According to their most recent quarterly earnings call, Toyota currently enjoys a very healthy balance sheet. In order to keep it that way, the company is putting some radical options on the table – including the cancellation of some vehicle nameplates.
Toyota wouldn’t be the first manufacturer to do so, of course. Ford, in a widely debated move, has announced its intention to stop building sedans and small hatchbacks. Fiat Chrysler halted production of its Dodge Dart and Chrysler 200 sedans recently as well. Both companies cited sagging consumer demand for the decision.
“We are taking a hard look at all of the segments that we compete in to make sure we are competing in profitable segments and that products we sell have strategic value,” said Jim Lentz, the company’s North American CEO.
Unlike the Blue Oval, it is doubtful Toyota will deep-six all its cars. Boss man Akio Toyoda is currently leading a charge that will see the brand return to its sporting heyday, an effort that definitely requires fun-to-drive cars and not wallflower crossovers. The excellent GT86 is already on the ground, while the Supra is scheduled to make a vaunted return at the Detroit Auto Show in January.
Still, Lentz has a point. Canadian sales of Toyota cars have been sagging in 2018, with recent sales numbers suggesting that arm of the company is down nearly 3% to under 70,000 units so far this year. Trucks, on the other hand, have risen nearly 5% to over 100,000 units. The term ‘trucks’, it should be noted, encompasses crossovers and SUVs. In total, Canadian sales of Toyota products are up 1.7% to 176,595 machines this year.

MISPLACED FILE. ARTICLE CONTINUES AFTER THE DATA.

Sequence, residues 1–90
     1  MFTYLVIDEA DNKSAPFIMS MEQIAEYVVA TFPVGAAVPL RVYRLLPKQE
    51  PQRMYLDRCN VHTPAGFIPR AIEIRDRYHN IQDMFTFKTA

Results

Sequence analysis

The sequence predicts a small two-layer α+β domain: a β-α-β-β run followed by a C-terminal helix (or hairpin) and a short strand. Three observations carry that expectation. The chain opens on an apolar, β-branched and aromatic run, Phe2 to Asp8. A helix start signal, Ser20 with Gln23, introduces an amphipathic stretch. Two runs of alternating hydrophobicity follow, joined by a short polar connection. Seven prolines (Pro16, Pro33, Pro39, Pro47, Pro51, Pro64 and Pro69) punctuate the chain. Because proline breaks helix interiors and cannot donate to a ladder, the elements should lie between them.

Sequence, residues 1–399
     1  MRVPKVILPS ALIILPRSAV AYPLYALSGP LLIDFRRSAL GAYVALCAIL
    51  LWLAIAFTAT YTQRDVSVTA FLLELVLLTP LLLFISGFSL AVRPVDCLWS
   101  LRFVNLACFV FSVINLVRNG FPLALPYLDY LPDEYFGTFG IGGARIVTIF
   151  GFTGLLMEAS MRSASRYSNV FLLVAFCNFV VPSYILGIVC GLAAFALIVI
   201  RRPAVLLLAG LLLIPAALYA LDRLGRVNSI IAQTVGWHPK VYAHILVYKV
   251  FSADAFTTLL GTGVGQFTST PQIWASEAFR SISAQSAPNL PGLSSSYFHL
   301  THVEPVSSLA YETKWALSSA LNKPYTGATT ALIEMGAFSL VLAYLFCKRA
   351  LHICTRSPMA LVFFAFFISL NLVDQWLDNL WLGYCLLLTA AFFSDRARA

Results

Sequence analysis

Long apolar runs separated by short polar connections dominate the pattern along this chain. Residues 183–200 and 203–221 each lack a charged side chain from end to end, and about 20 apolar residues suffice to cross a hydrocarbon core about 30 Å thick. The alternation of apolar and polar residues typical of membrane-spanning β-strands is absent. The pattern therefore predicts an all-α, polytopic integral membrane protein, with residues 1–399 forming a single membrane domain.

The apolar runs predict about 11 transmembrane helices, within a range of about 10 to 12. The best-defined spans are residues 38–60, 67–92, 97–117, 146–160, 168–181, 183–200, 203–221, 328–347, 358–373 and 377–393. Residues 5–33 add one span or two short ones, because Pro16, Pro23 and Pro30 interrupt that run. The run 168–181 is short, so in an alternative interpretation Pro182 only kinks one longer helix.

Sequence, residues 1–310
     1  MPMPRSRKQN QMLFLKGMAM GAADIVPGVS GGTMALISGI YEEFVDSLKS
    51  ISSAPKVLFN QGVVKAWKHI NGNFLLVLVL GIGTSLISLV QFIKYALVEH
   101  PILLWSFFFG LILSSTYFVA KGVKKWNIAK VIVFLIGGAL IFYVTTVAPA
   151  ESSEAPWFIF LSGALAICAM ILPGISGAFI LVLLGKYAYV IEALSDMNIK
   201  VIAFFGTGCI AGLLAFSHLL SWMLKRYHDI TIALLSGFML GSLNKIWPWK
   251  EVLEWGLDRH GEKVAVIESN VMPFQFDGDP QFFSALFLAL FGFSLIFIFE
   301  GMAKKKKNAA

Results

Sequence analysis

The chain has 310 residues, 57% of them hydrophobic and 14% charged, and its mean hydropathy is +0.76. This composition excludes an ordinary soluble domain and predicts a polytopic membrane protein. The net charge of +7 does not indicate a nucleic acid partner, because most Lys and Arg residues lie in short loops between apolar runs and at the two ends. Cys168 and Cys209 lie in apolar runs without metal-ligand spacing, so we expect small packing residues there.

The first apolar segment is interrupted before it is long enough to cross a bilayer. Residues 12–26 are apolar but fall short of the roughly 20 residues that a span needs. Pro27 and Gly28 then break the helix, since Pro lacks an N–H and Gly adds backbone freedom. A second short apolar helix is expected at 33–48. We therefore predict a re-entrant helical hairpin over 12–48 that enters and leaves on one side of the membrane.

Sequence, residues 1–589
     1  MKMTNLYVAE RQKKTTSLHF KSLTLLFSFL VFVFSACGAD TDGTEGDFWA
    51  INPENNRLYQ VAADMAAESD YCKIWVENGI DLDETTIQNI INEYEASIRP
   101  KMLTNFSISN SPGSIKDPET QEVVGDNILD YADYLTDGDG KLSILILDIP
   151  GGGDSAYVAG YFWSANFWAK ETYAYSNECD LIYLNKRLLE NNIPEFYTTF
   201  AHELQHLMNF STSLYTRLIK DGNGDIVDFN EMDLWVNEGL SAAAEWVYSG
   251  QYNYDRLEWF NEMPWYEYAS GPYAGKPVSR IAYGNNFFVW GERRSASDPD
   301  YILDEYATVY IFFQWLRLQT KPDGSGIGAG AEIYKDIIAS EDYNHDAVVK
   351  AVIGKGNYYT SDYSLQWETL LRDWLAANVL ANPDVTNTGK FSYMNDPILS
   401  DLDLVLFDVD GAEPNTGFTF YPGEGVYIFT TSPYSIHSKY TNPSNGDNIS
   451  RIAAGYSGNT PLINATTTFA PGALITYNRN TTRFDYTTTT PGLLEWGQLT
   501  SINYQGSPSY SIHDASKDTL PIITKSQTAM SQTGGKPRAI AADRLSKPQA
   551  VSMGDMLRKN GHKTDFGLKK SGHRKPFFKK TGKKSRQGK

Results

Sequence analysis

Where will cuts be made? It’s unlikely to be core models like the Camry and Corolla, despite the latter suffering a 7.2% drop in sales through to the end of September. Nor is the Avalon likely to receive a visit from the Grim Reaper, as its sales are up a gobsmacking 40% this year. Toyota doesn’t separate Yaris sedan and hatchback sales numbers but it wouldn’t be surprising to see one of those nameplates hit the dumpster.
At Lexus, however, conditions are ripe for a cull. Every car save for the megabucks LS is underperforming this year, most of them by double digits. The sporty RC coupe has found only 280 Canadian homes in 2018, while the milquetoast GS has slipped a murderous 31% to just 190 units.
Despite all this, company spox did say operating profit rose 11% last quarter on a revenue of 7.31 trillion yen ($84.6 million). Toyota surely wants this trend to continue, so perhaps sending a few old horses to the glue factory as a preventative measure is not such a bad idea after all.
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